The result was, my women students immediately started to progress faster, have more fun, come back more often, and could throw the men harder than the men could throw them.  We started with 100 women per quarter.  We were told by the end of the quarter, we'd be lucky to retain 25 students.  Instead, next quarter we had 200.  Within a year we had to turn students away because the classes were so full.

Why?   We discovered that as the women's UKEMI technique became advanced, they enjoyed being thrown harder, faster, for longer periods of time, at real life speeds, AND they were more relaxed (no fear of injury), and had much more FUN.  Nage's techniques also took a quantum leap forward - because there was enough repetition and speed to imbed 'subconscious' muscle memory - and it was happening in very short periods of time.  Yet we were able to do this with speed, relaxation, and grace.  So, using this technology, we started to place high emphasis on advancement in Ukemi skills, breakfalls, airfalls, proper slapping with both the hands and the feet.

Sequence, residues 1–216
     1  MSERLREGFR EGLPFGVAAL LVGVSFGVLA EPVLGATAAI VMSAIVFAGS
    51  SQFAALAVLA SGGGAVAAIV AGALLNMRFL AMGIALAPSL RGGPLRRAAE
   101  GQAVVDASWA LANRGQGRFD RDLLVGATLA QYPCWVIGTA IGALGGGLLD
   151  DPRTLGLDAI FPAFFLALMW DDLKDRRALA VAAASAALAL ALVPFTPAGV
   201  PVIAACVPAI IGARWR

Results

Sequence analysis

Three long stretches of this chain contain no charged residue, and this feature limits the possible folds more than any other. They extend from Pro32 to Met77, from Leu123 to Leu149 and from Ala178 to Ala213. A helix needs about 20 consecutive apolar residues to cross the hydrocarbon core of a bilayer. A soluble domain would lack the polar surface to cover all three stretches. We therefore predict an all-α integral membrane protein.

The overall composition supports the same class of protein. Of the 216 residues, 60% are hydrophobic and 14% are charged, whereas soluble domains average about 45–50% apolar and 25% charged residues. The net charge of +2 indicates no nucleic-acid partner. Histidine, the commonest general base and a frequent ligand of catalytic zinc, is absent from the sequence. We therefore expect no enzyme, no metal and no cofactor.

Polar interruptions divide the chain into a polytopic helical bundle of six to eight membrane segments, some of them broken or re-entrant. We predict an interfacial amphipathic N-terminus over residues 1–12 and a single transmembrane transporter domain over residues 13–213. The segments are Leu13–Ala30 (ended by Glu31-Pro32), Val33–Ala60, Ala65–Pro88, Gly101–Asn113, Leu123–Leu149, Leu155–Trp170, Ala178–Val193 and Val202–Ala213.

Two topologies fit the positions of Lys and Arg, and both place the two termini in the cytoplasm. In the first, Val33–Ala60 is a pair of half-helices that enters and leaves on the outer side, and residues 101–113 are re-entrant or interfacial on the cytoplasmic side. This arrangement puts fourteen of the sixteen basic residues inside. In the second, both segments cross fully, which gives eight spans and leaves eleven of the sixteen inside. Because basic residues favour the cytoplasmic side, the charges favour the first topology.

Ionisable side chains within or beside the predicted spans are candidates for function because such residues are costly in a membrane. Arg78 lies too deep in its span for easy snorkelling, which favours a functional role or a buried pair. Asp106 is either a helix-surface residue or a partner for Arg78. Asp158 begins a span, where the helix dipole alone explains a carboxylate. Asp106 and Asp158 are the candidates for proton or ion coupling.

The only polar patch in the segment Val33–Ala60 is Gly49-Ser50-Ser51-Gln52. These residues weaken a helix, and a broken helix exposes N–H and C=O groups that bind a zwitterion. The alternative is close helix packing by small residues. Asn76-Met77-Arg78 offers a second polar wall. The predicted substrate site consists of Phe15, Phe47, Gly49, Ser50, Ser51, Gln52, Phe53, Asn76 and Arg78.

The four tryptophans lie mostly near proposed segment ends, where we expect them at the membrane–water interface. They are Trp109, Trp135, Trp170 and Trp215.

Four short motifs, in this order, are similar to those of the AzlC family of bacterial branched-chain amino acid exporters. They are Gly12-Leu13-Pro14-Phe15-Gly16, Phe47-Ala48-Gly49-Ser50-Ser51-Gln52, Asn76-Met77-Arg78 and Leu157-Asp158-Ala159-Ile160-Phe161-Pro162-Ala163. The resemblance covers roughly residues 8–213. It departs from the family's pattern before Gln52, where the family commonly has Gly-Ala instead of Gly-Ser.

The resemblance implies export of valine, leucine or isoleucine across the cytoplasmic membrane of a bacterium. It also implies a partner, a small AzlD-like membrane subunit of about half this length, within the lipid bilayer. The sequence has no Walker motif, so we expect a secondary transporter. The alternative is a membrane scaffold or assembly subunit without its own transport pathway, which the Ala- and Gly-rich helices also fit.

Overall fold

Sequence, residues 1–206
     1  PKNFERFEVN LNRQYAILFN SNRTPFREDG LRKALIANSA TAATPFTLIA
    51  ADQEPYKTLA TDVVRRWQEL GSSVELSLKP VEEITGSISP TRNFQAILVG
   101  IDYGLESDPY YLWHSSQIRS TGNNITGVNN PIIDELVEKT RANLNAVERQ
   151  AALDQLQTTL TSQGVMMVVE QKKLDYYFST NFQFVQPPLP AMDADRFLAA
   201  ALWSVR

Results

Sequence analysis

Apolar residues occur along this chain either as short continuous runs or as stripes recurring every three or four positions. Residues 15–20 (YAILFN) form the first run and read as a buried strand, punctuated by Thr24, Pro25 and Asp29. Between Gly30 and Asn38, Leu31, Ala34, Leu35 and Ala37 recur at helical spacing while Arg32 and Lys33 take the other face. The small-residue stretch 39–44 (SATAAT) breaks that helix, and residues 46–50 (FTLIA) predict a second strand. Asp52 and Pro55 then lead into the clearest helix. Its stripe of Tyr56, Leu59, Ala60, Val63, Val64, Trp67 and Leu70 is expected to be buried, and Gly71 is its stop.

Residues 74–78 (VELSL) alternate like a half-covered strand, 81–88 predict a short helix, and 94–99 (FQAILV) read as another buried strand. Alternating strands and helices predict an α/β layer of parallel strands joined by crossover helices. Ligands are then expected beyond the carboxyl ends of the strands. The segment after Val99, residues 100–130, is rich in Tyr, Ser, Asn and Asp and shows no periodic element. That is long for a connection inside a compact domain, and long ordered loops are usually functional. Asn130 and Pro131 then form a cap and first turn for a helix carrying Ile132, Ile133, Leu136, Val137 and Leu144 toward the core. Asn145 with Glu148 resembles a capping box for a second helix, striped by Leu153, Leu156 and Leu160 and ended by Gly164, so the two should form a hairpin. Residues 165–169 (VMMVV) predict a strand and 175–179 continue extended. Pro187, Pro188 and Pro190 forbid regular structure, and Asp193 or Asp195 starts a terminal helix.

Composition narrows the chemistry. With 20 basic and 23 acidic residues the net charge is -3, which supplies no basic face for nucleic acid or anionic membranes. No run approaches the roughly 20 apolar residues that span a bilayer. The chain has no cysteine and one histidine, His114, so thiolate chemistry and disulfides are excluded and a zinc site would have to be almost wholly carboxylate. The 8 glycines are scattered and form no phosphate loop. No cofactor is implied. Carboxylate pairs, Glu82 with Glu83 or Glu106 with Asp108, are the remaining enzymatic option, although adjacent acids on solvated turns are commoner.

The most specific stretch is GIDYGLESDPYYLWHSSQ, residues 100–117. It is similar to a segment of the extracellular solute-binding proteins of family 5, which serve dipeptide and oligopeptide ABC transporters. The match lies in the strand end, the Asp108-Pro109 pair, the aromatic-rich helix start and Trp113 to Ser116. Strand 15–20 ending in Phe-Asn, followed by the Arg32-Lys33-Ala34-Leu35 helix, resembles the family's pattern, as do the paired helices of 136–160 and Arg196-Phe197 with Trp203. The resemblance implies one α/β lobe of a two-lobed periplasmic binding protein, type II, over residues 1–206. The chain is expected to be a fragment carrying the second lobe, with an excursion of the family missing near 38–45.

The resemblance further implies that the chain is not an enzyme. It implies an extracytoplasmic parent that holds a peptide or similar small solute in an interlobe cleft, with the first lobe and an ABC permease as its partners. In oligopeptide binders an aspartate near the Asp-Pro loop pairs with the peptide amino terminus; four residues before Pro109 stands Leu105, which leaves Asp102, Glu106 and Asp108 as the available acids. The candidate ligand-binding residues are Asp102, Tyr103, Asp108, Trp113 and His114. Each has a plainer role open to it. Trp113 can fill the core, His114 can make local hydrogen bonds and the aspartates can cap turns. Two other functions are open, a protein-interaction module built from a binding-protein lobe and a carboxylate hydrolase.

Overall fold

What happened next was unexpected.  We found that these advanced, high speed safe ukemi opened new doorways of Aikido training ideas and exploitation of new scientific discoveries and technologies.  We've been able to teach certain Aikido skills in 3 months that would normally take 3 years using traditional methods.  Advanced high technology ukemi was the reason.  I strongly wish to raise awareness within the Aikido community of these kinds of possibilities. 

Q:  What profound Aikido possibilities are you talking about?